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Thread: Travelling Salesman Problem - Part 5

  1. #1 Travelling Salesman Problem - Part 5 
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    Step 2:-
    Take se[b,e],sv{e}.
    pc(se[b,e],sv{e}) = (b,e) = PC1(HC17)
    pc(se[b,e],sv{e}) = (b,e,c) = PC2(HC17)
    pc(se[b,e],sv{e}) = (b,e,c,d) = PC3(HC17)
    pc(se[b,e],sv{e}) = (b,e,c,d,a) = PC4(HC17)
    hc(se[b,e],sv{e}) = (b,e,c,d,a) = HC17
    HC17 was formed by skipping the edges [a,e] and [a,c]
    w(HC17)=5+8+6+7+14=40


    Stage 4 :-

    The edges which were skipped in ‘Stage 3’ were [a,e] and [a,c]. Now sorting the skipped edges according to the weights , we get the sorted order as [a,e] and [a,c]. Edges [a,e] and [a,c] was already processed in ‘Stage 1’. So now there are no more edges to be processed in ‘Stage 4’. So the process ends in Stage 4. Now all the weights of the hamiton circuits that are obtained in the beginning ( ie:- when the starter edge ie:- the edge [c,e] was processed ) and in all of the ‘stages’ are taken together and the least weight hamilton circuit from them is taken. This least weight hamilton circuit is the possibly best minimum weight hamilton circuit.

    Taking all the hamilton circuits together, we get

    HC1 = 40 ( ‘40’ is the weight of the hamilton circuit HC1 )
    HC2 = 45
    HC3 = 40
    HC4 = 37 ( No edges were skipped for HC4 )
    HC5 = 37
    HC6 = 37 (No edges were skipped for HC6 )
    HC7 = 37
    HC8 = 37 ( No edges were skipped for HC8 )
    HC9 = 44
    HC10 = 46
    HC11 = 37 ( No edges were skipped for HC11 )
    HC12 = 40
    HC14 = 45
    HC15 = 51
    HC16 = 37 ( No edges were skipped for HC16 )
    HC17 = 40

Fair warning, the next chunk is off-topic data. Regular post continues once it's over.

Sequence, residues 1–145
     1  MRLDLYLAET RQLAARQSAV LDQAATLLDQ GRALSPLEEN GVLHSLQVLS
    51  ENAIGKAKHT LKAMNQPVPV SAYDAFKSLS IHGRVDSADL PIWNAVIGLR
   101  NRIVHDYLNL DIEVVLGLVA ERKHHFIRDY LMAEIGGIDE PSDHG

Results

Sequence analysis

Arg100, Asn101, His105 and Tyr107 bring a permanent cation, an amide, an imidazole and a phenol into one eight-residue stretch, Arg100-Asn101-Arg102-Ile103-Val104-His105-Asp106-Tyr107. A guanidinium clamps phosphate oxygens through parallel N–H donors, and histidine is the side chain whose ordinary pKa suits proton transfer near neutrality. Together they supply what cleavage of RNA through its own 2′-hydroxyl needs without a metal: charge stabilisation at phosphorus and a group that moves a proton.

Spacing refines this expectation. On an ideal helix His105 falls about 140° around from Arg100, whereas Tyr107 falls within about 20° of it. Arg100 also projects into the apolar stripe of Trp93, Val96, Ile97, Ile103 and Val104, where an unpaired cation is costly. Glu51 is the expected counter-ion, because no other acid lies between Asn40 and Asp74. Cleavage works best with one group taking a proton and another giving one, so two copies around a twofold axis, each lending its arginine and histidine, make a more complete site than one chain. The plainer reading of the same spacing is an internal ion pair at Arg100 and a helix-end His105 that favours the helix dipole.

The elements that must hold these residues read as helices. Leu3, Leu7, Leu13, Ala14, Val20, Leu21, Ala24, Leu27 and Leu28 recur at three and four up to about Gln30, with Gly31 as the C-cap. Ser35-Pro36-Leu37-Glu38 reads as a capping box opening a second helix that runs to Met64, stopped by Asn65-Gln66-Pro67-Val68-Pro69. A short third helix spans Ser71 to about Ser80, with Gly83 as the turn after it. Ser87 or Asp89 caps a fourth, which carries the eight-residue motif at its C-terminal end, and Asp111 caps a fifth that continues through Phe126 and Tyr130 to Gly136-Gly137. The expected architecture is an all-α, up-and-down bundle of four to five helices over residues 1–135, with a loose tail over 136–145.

HC4 , HC6 , HC8 , HC11 and HC16 are not taken for comparing the weights, because when these hamilton circuits are formed, the process should immediately stop, as these circuits are minimum circuits. But as mentioned earlier, the process is continued even if these circuits are obtained in order to describe how the process works if hamilton circuits ( in which no edges are skipped ) are not formed in the process. So the hamilton circuits HC1 , HC2 , HC3 , HC5 , HC7, HC9 , HC10 , HC12 , HC14 , HC15 and HC17 are taken and their weights are compared in order to get the minimum weight.

    The minimum weight circuits are the circuits with weight of ‘37’ and they are ‘HC5’ and ‘HC7’.

    End of First Example


    Processing for Graph1 ( Solving Graph1 using se[b,e] ) ( Second example )

    This is the process in which the minimum weight starter edge from Collection_1 of Graph1 is taken.

    Beginning of Second Example

    Take se[b,e]

    Step 1:-
    Take se[b,e],sv{b}
    pc(se[b,e],sv{b}) = (b,e) = PC1(HC18)
    pc(se[b,e],sv{b}) = (c,b,e) = PC2(HC18)
    pc(se[b,e],sv{b}) = (d,c,b,e) = PC3(HC18)
    pc(se[b,e],sv{b}) = (a,d,c,b,e) = PC4(HC18)
    hc(se[b,e],sv{b}) = (a,d,c,b,e) = HC18
    No edges were skipped while forming HC18.
    w(HC18)=5+9+6+7+10=37.
    Since no lesser weight edges were skipped while forming HC18, the process is immediately stopped.

    So in processing Graph1 with se[b,e] and sv{b}, the possibily minumum circuit ‘HC18’ is obtained.

    End of Second Example


    Conclusion :- The ‘starter edge’ method gives the possibly best hamilton circuit or an improved minimum weight hamilton circuit.


    Reference:-
    1) " Elements of Discrete Mathematics " by C.L.Liu ( Second Edition )( ISBN of the book is 0-07-100544-7 ).
    2) " A First Look at Graph Theory " by John Clark and Derek Allan Holton( ISBN of the book is 81-7023-463-8 ).



    Written by :- Samuel Gheverghese




    Continued in "Travelling Salesman Problem - Part 6"


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